Whether that’s specifically true in Alimohammadi’s case is arguably a bit harder to judge, since he was not directly involved in Iran’s nuclear program. Iran’s western opponents have speculated that Tehran itself murdered him because he was a (low-key) supporter of the country’s opposition who in death could serve as an official martyr.
That would be awfully convenient: official martyrs come cheap but Iran doesn’t exactly have a limitless supply of particle physicists.
Accurately or not, Fashi confessed to carrying out Alimohammadi’s assassination, claiming that he was recruited, paid, and trained by the Mossad for the job.
On this date in 1952, Iraq hanged Yosef Basri and Shalom Salah for an alleged Zionist bombing campaign in Baghdad.
The most remarkable thing about this campaign is that it was perpetrated against Iraq’s Jews — and if these men’s conviction was rightly secured, it was conducted by other Jews for the purpose of driving those Iraqi Jews to emigrate to the still-tenuous new state of Israel.
As the 1940s closed, well over 100,000 Jews lived in Iraq, a populace legendarily* dating to the Biblical Babylonian exile.
While this community had at certain moments in centuries past been the very flower of the diaspora, it was justifiably nervous here in the perilous 20th century.
In 1950-51, the Iraqi government offered its Jewish citizens an emigration window from a homeland tense with anti-Jewish hostility — at the same time the Israeli government was practically begging them to come. (The cost: give up Iraqi citizenship permanently. Iraq seems to have expected only a few thousand to depart.)
Against the grain of this “monstrous” mutuality of interest stood the natural obstacles for any emigre: affection for the familiarity of one’s native lands, the trauma and uncertainty of uprooting … plus the specific problem that most stood to lose their illiquid wealth either by hasty firesale disposal or (as eventually happened) outright confiscation. Particularly pending clarity in property remuneration, many Iraqi Jews were initially wary about departing.
Iraqi Jews also dismayed Zionist recruiters with their “lack [of] a Zionist outlook and even a Zionist instinct.”**
But these stick-in-the-Mesopotamians would soon receive some explosive encouragement: a headline-grabbing series of attacks on Jews and Jewish establishments during the emigration window encouraged thousands to seize the moment.
“The pace of registration for the citizenship waiver was slow in the beginning, but it increased as tensions rose between Jews and their neighbors and after acts of terror were perpetrated against Jewish businesses and institutions – especially the Mas’uda Shem-Tov Synagogue [bombed January 14, 1951]”
Morris’s conclusion that Israeli intelligence did not engineer the bombing campaign that so spectacularly served its statecraft is the subject of vociferous dispute. It’s also, perhaps, a bit finely cut: a handful of zealots in the local Zionist underground, sensitive to the local sentiment and keen on the urgency of the brief denaturalization opportunity, might have undertaken the project freelance without actual straight-from-Jerusalem coordination.
Amazingly, this notion that some species of Zionist agents bombed Iraqi synagogues (pdf) in the interests of the Levant’s demographic future was commonly believed not only by Iraqi Arabs but by emigre Iraqi Jews themselves. Their suspicions can hardly have been allayed when a similar misadventure went down in Egypt a couple years later.
The inevitable dispute over the factual question can’t help but roll over into everything else that’s disputatious about the Zionist Entity.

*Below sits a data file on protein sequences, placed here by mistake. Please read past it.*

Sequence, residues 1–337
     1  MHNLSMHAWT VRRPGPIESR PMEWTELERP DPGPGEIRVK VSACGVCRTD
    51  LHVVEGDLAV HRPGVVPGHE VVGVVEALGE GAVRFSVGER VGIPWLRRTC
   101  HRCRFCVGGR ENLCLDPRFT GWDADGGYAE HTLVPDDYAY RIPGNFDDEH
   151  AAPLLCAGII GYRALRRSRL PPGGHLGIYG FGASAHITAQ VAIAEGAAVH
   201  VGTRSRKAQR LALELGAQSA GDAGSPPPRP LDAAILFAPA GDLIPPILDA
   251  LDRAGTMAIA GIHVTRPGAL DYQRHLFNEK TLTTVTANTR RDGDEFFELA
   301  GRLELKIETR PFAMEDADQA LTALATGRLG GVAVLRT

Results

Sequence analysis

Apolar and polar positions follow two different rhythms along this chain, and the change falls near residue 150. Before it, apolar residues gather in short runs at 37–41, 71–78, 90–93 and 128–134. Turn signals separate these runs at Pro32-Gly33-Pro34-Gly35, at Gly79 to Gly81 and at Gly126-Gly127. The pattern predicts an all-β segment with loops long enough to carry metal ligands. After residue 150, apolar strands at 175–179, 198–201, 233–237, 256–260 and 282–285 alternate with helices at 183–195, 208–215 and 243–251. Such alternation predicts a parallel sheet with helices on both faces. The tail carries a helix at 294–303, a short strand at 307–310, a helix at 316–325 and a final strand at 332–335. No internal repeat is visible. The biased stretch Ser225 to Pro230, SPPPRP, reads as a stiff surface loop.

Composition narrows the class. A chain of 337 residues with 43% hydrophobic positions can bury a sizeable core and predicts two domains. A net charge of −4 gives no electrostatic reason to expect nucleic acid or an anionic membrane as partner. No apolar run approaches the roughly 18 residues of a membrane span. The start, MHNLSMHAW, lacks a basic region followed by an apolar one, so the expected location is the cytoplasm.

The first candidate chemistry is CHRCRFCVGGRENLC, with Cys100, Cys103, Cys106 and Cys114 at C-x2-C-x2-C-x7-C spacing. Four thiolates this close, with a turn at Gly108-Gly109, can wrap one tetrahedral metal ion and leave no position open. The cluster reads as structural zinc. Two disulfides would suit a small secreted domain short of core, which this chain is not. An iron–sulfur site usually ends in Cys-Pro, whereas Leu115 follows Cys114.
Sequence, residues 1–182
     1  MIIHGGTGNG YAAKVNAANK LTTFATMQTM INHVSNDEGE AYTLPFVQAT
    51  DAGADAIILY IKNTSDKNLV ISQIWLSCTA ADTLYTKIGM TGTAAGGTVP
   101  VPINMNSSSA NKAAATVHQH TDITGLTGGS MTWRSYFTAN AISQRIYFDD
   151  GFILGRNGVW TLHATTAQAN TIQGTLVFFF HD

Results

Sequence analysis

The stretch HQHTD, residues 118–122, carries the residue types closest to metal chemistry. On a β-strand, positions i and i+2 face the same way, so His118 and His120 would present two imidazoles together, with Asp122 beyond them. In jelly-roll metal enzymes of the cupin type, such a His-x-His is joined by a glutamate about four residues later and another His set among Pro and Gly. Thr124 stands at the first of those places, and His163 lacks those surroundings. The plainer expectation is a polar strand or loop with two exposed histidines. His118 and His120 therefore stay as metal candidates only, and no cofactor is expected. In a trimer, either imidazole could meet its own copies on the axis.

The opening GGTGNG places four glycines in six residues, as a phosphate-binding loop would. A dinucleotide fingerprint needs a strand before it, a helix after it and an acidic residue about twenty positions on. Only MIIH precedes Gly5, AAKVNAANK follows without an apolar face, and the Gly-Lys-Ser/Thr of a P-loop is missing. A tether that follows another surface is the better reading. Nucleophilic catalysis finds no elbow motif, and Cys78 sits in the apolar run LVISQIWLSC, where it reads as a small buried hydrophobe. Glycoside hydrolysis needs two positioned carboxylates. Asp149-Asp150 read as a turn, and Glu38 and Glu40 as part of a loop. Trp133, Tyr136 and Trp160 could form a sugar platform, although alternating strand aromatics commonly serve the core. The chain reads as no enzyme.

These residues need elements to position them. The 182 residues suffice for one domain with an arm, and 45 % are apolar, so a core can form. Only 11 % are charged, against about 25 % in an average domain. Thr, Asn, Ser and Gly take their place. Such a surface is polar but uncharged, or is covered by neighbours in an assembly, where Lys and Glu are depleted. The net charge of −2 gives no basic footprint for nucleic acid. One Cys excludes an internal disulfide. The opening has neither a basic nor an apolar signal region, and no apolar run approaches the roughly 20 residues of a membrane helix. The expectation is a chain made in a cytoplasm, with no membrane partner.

An account already exists between us and the Arab world: the account of the compensation that accrues to the Arabs who left the territory of Israel and abandoned their property … The act that has now been perpetrated by the Kingdom of Iraq … forces us to link the two accounts . . . We will take into account the value of the Jewish property that has been frozen in Iraq when calculating the compensation that we have undertaken to pay the Arabs who abandoned property in Israel.
This sort of opportunistic ethnic arithmetic obviously loses its limited suasion to the extent that Jews can be held to have driven Jews out of Iraq — which is not to say that goring this or that ox is necessarily the reason for any one scholar’s taking this or that position.
One might, however, be less inclined to extend that benefit of the doubt to the Kingdom of Iraq itself. That realm was very pleased to point the finger at its absconding Jewry.
Our Zionist cadres, Yosef Basri and Shalom Salah, were hanged by that Iraqi Entity for three grenade attacks in the bombing series. Basri repudiated his confession in court, plausibly claiming it had been tortured out of him. (A third Jew was also convicted but not executed: Yehuda Tajar is the man Morris refers to, who returned to Israel after spending the Fifties imprisoned in Iraq.)
“Long live the state of Israel,” were their last words.
But not all “beneficiaries” of their alleged efforts shared the sentiment.
“That is God’s revenge on the movement that brought us to such depths,” one Iraqi Jewish refugee in the Holy Land reportedly exclaimed.**
Just where guilt really lies in all of this has been contested (pdf) ever since, a matter that mere hooded functionaries such as your author can hardly address with authority.
Jews Done It …
… They Never Did
* Not necessarily literally; the Mongol invasions are supposed to have broken the cultural chain of Jewish habitation of Babylon, with the city re-populated later by other Jewish migrants not of a lineal connection back to Nebuchadnezzar‘s conquests.
** Quoted by Yehouda Shenhav in “The Jews of Iraq, Zionist Ideology, and the Property of the Palestinian Refugees of 1948: An Anomaly of National Accounting,” International Journal of Middle East Studies (Nov., 1999)